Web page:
Owing to the heat, we had supper in the apartment fairly late and then went to look at the Cathedral, the other must-do on my checklist. What an amazing space. Especially after seeing pictures of the city after World War II. The only other churches I've been in that compare are Barcelona's Sagrada Familia (which I think may be even bigger in footprint) and the cathedral in St. Louis, which is probably half to 2/3's this size, but still huge by North American standards. In any case, my poor little iPhone camera was no match for a building this size.

Cologne Cathedral

Cologne Cathedral
Tomorrow, we take the train again, this time to Emmerich, near the border with Holland, where we will get back on the bikes again to start week 3 of the trip.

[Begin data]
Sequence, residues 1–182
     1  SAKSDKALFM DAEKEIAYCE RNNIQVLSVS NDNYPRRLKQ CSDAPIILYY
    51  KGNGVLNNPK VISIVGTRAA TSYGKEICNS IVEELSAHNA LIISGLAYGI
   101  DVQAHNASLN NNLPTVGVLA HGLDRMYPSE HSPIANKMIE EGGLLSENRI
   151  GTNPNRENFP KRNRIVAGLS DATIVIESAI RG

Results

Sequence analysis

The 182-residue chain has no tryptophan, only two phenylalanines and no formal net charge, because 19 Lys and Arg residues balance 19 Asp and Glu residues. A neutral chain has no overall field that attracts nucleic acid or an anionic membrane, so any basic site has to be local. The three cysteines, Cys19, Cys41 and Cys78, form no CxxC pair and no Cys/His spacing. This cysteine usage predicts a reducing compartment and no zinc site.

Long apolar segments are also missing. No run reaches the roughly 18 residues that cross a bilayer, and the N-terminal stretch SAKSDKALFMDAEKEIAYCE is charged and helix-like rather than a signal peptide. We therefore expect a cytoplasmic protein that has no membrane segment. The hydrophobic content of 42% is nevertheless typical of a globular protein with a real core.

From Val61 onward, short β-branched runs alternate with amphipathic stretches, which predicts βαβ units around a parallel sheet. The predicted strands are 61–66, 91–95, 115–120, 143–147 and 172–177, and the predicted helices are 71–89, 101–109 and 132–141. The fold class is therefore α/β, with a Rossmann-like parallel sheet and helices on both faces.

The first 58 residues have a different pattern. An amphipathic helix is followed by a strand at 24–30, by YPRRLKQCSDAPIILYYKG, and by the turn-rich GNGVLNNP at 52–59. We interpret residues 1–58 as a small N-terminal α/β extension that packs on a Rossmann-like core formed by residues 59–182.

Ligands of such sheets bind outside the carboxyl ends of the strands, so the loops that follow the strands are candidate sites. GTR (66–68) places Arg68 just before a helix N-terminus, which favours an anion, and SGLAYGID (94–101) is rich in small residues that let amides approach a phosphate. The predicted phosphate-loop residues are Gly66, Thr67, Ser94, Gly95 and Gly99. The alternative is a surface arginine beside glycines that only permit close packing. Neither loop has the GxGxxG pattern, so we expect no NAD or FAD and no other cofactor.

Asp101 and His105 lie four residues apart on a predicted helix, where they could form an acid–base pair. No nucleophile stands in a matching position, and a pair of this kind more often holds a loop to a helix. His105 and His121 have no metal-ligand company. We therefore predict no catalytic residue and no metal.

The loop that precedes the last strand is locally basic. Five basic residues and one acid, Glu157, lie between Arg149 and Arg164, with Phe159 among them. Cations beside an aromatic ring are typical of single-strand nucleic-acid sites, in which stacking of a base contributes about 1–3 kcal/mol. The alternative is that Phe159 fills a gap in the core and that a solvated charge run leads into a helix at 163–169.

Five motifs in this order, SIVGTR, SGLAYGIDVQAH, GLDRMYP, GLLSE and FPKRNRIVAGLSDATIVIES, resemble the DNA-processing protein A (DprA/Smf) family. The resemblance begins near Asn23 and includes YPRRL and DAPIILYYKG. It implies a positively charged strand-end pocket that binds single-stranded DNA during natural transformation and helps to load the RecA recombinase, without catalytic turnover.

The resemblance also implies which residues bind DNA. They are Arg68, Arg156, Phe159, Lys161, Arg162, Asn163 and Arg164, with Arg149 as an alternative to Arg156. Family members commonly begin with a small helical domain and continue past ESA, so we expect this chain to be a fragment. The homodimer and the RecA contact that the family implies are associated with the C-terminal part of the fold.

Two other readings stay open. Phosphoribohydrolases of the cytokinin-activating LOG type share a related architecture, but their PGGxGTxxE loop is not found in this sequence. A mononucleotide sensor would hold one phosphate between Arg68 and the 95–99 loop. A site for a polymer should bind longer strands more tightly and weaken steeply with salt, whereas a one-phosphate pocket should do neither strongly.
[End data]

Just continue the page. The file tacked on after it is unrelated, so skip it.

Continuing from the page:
Wednesday, June 21, 2017

Heidelberg (Stairway to Heaven)

I'm glad we're taking the train to Cologne tomorrow, 'cause I wouldn't want to get on my bike tomorrow (other than the few kilometres to get to the train station). It was another long day – a great day – but I'm tired now, thanks. I think it's time for another beer, don't mind if I do. 

The forecast was for another hot day, so we decided to head up to the hills again, and this time, the smart money said we should just stay up there all afternoon. We started a little late, but were out the door by 9:30, destination: Königstuhl (king's chair, or king's seat), the hill on the city side of Heidelberg, opposite the Heiligenberg that we climbed yesterday. While yesterday's hike was up to 440 metres, today, we ascended to 567 metres, and believe me, my legs are feeling the extra 127 metres.